Vietnamese fashion influencer Chau Bui on connecting through creativity and authenticity, as she uses her platform to advocate for the greater good.
For Chau Bui, one of Vietnam’s most influential social media figures, fashion has always been a means of self-expression. The 26-year-old recalls how she got her start, raiding her parents’ closets, and thrifting at second-hand stores, not really expecting the massive attention her unique stylings would get online.
These days, she’s often seen in eye-catching outfits at high-profile events, or at fashion weeks all around the globe. “Fashion was my playground to get creative. And until now, what I love about working in fashion is the boundless creativity of it all,” she tells Vogue Philippines.
With millions of followers across her many online channels, the model-slash-influencer has won various awards in her industry, been on numerous magazine covers, and was even listed as one of Forbes Vietnam’s 30 Under 30.
Inspired to make a difference, she is keen on championing worthy causes like promoting local talent. “From fashion designers to creative directors, from makeup artists to photographers, it’s so inspirational to see the industry thriving in such a relatively short period of time. I want to do my part to bring these amazingly creative minds and products from Vietnam to the global fashion scene,” she declares.
Having been working in fashion for nearly a decade, Chau is also a supporter of mindful consumption. “I understand that in order for the industry to continue growing, we need to prioritize sustainability, not only in what we produce, what we wear, but also in our daily habits and choices,” she shares.
Aside from creating content around the concept of a more sustainable lifestyle, she also initiated a project called “Sharing is Caring” five years ago, which raises funds by reusing and recycling clothes for the benefit of various charities around Vietnam. The annual event now attracts thousands of young people eager to create a meaningful impact on their communities. “I got to work with social workers who tirelessly support orphans, human-trafficking victims, underprivileged children and so much more. To see that my platform has the ability to connect and empower people through these projects has been one of the most rewarding aspects of my professional career,” she shares.
She is also set to launch an affordable skincare brand called Good Day this year, which she says will be formulated with all-natural ingredients from Vietnam. It will debut with a line of serums. “Beyond taking care of your skin, I want users to wake up each morning with a renewed sense of confidence and energy, knowing that you have everything you need to look your best,” she says.
Despite her many successes, and various brand partnerships and endorsements, Chau has likewise faced her share of challenges. Her most recent one was health issues late last year that required her to take a break. But this also allowed her to reflect on her career, and what impact working in the spotlight has had on her life and relationships. “What I realized was that working in such constant presence of social media and technology, a lot of people my age had been under a tremendous amount of pressure to build a certain persona in the public eye, without proper tools and support for self-reflection, self-love and self-balance against these pressures,” she says.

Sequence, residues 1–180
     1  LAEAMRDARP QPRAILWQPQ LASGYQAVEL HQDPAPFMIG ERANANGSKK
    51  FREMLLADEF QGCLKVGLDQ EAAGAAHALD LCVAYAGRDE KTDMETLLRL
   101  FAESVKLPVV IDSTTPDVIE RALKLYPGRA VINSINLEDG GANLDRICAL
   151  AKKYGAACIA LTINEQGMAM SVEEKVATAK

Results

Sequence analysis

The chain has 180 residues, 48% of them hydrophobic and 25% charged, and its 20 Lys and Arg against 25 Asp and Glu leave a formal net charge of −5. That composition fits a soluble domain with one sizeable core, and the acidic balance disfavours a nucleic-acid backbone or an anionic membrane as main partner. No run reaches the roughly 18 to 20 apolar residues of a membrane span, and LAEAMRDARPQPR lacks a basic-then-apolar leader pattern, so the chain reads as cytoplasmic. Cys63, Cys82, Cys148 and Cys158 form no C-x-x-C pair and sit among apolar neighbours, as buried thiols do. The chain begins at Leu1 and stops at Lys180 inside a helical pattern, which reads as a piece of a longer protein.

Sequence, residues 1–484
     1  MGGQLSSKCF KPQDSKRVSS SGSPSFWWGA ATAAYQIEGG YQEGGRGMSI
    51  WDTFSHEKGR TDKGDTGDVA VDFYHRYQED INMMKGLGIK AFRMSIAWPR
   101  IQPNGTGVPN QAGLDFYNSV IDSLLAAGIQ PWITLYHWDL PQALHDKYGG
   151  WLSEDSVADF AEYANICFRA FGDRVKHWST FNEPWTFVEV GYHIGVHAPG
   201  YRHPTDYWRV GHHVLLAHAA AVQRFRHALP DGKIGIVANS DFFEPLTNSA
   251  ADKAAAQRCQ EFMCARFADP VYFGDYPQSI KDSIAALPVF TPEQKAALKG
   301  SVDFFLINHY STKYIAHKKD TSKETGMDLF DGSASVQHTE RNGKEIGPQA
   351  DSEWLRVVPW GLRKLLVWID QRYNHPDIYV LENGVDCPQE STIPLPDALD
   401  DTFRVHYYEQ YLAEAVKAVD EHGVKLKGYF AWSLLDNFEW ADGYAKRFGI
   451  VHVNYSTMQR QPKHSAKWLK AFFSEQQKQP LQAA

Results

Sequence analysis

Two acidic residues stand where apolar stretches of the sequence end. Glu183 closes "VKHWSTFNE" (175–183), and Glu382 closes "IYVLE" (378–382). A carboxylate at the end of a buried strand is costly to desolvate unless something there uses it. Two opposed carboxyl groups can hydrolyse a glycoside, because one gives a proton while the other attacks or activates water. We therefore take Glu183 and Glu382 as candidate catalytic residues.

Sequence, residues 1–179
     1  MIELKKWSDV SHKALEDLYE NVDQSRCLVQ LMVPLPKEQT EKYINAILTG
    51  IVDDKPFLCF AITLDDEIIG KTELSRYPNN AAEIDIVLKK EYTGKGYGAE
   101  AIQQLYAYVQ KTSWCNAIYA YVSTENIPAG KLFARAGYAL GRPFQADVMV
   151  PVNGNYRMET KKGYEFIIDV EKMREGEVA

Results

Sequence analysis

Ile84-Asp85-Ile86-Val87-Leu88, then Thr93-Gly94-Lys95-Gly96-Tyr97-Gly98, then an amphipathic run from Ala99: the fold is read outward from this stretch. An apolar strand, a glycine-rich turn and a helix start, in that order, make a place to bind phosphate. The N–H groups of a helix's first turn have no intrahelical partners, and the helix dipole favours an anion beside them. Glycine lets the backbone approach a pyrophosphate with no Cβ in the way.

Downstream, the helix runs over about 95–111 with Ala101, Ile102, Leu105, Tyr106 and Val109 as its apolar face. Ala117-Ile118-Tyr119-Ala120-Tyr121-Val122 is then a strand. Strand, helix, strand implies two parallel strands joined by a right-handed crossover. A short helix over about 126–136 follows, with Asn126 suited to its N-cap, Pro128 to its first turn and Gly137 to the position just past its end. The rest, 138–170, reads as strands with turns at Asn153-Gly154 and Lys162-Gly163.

This then inspired her and her team to come up with “Introspection,” a project that she says wants to “provide the platform and tools for young people to empower their inner self.” This kicked off with a healing retreat where Chau, and a handful of their country’s top content creators, gathered for a series of special activities facilitated by experts and specialists. “In Vietnamese culture, we often say, ‘Take one step back, two steps forward.’ Sometimes it is extremely important to slow down, to look within, instead of outward, to find what’s most important to you at the moment, to find your own inner peace,” she shares.
Knowing that almost 70 percent of her followers are young women, Chau also believes it is important that she use her voice to promote the importance of female empowerment. She considers Gucci’s commitment to raise awareness against gender-based violence “an extremely important initiative.” The Italian brand has pledged that for a certain time period, a portion of the proceeds from the sales of their Signoria sling-back in Rosso Ancora red will help build Casa delle Donne, a new haven in Florence.
Chau believes self-awareness is the first step to loving oneself. “By being aware of your strengths and weaknesses, by being honest and vulnerable to yourself and those around you, we connect better to our inner self and open up opportunities for growth,” she says. “My platforms will always be a space to celebrate, to express, and to empower individuals.”
By MARIANE PEREZ. Photographs by ZANTZ HAN. Fashion Director: PAM QUIÑONES. Stylists: Bryan Ho, Jasmine Ashvinkumar. Makeup: Lai Weeming for Chau Bui, Mickey See for Liza Soberano. Hair: Ken Hong for Chau Bui, Renz Pangilinan for Liza Soberano. Talents: Chau Bui, Liza Soberano. Producers: Anz Hizon, David Bay. Nails: Belicia Gwee of Risual Nails, Zi of Auum. Photographer’s Assistants: Alexander Titus Ng, Sin Yean Yam. Stylist’s Assistant: Sri Anggreni.